Lincoln Park — Ithaca’s football program was the envy of teams across the state the last several years, winning 69 straight games, earning four consecutive Division 6 state championships with 14-0 records.
Well, Lincoln Park’s program was on the opposite side of the spectrum — putting together a 66-game losing streak just a couple of years ago.
Jamie Grignon, who was head coach at Lincoln Park from 1994-99, returned to the school to turn things around.
And, Grignon has done just that. He took over a team that was outscored by an average of 38-9 in 2012 — the sixth consecutive winless season — and ended the streak in Week No. 6 of his first year back, then guided Lincoln Park to a 3-6 record last season.
Now, Lincoln Park is showing it is a legitimate contender to win the Downriver League title and make a state playoff appearance for the first time since 2002, also its last winning record.
That happens when you knock off the league power like Lincoln Park did against Wyandotte last week, coming back from a fourth-quarter deficit to pull out an 18-15 win to improve to 3-1.
Grignon credits the players for showing their dedication during the offseason as a big part for the turnaround.
“It was our ‘Rise & Grind’ program where we got up at 6 in the morning from January through March,” Grignon said. “It was a bonding thing, a lot of agility drills. I believe the success that we’ve had so far is really a combination of all the hard work they put in, along with the belief they could play with some of the best teams last year.”
Grignon said Lincoln Park has just three starters back from last year, but one of them is a big one in 6-foot-3, 250-pound senior quarterback Steve Glenn.
Glenn has thrown for 552 yards and six touchdowns and rushed for 360 yards and four touchdowns. He threw for 150 yards and ran for 65 in the win over Wyandotte, finding Devon Carson on a big third-and-5 play for 25 yards to set up the winning score with a minute left.
“It was amazing,” Glenn said. “We had to make a statement and I believe we did. It feels great. It feels like everything we worked for is worth it. It took a lot of hard work, a lot of extra things other teams (at Lincoln Park) haven’t been doing like early morning practices before school. We’re turning this program around by dedicating ourselves and wanting to do it.”
Grignon has high praise for Glenn.
“He’s a good leader,” Grignon said of Glenn, who has 4.7 speed and is being recruited by Ferris State and Jackson State in Mississippi. “He has a strong arm and he’s sneaky fast. He was really on target with his passes (against Wyandotte).
“A big key to our success is the return of Devon Carson, our junior receiver who missed last season with a broken foot. He’s a big target at 6-1 and 185 pounds and has 4.5 speed too. He’s been huge for us.”
Carson is thrilled to be back on the field after suffering his injury a week before last season’s opener.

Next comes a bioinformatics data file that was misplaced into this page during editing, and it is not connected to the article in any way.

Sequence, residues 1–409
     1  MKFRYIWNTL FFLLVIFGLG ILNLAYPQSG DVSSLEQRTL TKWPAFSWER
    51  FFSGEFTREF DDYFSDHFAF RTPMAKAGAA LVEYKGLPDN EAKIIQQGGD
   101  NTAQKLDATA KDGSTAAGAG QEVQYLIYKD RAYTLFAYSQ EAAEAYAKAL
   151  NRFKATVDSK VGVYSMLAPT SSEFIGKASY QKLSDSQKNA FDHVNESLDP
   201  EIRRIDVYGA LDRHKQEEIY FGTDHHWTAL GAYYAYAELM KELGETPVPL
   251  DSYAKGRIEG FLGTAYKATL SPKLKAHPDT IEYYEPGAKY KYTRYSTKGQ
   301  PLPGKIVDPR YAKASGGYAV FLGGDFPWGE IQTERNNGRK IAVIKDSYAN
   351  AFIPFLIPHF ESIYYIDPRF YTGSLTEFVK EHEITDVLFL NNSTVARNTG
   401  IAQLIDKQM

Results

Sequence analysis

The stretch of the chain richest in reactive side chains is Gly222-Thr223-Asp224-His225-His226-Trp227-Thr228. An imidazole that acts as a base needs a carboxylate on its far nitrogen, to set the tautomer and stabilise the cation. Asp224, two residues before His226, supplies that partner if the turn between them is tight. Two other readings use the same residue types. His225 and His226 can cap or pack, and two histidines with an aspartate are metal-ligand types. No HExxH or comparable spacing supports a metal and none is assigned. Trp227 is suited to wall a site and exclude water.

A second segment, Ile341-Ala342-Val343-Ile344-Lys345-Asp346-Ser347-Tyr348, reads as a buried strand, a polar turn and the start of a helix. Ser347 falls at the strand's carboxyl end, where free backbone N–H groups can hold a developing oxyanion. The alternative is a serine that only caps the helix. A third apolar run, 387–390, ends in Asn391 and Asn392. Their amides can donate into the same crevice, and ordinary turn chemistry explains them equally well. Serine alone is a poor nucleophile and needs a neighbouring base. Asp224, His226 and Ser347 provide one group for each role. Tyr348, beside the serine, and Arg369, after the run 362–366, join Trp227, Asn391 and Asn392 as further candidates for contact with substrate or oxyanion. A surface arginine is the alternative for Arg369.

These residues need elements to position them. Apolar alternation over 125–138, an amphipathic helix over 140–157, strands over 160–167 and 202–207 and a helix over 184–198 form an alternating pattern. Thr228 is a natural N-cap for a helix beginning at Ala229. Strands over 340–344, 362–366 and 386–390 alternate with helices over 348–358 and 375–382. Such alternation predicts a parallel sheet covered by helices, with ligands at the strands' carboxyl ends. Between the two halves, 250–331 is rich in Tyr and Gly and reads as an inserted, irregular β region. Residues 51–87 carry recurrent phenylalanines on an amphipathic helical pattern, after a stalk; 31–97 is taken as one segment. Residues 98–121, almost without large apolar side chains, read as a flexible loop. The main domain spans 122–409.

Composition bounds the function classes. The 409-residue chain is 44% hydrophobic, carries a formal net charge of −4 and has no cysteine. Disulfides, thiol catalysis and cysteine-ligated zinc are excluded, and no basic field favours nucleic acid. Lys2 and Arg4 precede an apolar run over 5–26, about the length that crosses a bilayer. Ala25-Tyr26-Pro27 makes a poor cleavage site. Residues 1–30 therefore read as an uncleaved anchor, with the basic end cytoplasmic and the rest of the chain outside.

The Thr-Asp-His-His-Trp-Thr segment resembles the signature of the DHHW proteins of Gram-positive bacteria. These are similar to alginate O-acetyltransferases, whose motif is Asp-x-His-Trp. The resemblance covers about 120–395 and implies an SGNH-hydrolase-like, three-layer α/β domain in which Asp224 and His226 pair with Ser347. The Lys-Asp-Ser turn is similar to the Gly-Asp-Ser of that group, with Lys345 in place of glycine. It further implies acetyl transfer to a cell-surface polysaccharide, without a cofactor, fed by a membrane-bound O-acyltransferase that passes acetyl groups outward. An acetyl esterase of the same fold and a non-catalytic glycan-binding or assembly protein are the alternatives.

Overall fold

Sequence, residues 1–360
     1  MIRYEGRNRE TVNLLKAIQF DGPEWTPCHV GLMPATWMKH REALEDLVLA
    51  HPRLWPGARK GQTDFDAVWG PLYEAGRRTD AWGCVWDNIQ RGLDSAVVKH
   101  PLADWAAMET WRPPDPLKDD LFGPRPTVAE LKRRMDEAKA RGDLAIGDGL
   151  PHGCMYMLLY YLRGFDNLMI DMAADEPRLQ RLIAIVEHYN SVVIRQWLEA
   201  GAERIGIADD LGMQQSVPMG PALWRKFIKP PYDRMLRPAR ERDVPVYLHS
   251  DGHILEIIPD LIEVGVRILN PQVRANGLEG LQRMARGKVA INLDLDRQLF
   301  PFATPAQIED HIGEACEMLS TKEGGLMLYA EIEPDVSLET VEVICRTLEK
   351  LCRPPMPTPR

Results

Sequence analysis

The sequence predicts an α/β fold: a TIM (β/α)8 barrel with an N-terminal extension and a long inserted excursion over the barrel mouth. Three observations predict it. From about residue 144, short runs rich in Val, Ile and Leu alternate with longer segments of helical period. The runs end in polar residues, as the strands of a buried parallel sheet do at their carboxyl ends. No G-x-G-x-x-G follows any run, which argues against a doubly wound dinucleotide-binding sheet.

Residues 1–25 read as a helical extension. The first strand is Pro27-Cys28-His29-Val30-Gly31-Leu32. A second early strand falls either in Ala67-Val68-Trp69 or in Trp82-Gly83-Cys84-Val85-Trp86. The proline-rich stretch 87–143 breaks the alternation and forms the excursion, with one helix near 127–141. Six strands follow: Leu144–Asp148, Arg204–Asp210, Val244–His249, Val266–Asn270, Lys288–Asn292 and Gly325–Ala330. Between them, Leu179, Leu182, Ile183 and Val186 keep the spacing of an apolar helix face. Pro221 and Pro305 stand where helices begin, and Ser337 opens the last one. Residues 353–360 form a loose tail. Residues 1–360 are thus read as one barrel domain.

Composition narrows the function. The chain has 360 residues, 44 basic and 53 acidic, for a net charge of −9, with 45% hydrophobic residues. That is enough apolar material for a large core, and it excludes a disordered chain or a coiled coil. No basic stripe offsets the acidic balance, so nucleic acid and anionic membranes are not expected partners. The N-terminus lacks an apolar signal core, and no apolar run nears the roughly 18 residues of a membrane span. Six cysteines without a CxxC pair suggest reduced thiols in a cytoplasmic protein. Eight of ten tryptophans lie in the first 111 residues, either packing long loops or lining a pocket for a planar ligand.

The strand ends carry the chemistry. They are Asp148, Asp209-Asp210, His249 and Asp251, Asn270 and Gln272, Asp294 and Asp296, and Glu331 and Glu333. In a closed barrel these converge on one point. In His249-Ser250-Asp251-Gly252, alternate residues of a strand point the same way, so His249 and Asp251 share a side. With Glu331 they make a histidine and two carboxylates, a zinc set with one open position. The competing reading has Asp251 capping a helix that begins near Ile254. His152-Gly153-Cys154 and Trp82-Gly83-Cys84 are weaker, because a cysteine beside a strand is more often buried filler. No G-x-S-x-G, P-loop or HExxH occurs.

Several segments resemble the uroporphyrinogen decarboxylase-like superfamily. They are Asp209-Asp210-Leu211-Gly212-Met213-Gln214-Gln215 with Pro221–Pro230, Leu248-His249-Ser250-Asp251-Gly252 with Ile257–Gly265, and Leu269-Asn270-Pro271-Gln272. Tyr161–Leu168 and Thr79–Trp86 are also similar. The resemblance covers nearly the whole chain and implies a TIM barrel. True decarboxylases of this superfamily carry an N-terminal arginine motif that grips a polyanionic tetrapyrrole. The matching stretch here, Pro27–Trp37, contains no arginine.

“It’s amazing. That’s why I put in as much work as I did so I could come back this season and help my teammates out,” Carson said. “I actually lifted from the time I broke my foot until the beginning of this football season and I put on a solid 20 pounds.”
Carson is looking forward to Lincoln Park’s game Friday at Melvindale, playing for “The Jug” which his team finally took away from Melvindale last year, ending a seven-year slide, including one-sided setbacks in 2012 (42-0) and 2013 (39-0).
“Winning the Jug would mean more to me than anything,” Carson said. “Last year it was bittersweet for me. It hurt me inside not to be able to be on the field, playing a part of the win, but still great to see my teammates succeed and get the Jug.”
Carson has 11 receptions for 260 yards and four touchdowns.
“My biggest weapon is Carson,” Glenn said. “He’s really athletic and has great hops.”
Carson felt Lincoln Park could turn things around. He loves being an impact player as Glenn’s go-to receiver.
“I knew for sure we were going to change it around,” Carson said. “Everyone looked down on us even though we weren’t a part of that losing streak. All my teams growing up, we never had a losing season and I knew big things would change when I got to high school.
“I’ve had a few games where big moments came down to third- and fourth-down plays to keep the drive alive, and I had the ball thrown up to me and I had to go up and get it for my teammates.”
Carson credits Grignon for helping chance the culture.
“Our coach put in a lot of his time and effort to help us get better,” Carson said. “He watches film and thinks of great plans for us. He motivates us to get better and never gets down on us.”
Said Glenn: “Our head coach is an old defensive coordinator so he’s made an offense based on what he wouldn’t want to face. It’s really an option-type offense that we run out of a lot of formations. I like running the ball and whoever is in my way I may run through them or make a move on them.”
Sounds like it’s been a fun journey for Grignon, and he’s enjoying the run with his son, Alexander, as the team’s offensive coordinator.
The journey continues with a rivalry game that could find Lincoln Park a step closer to a playoff spot.
On the way up
Lincoln Park through the last 10 years: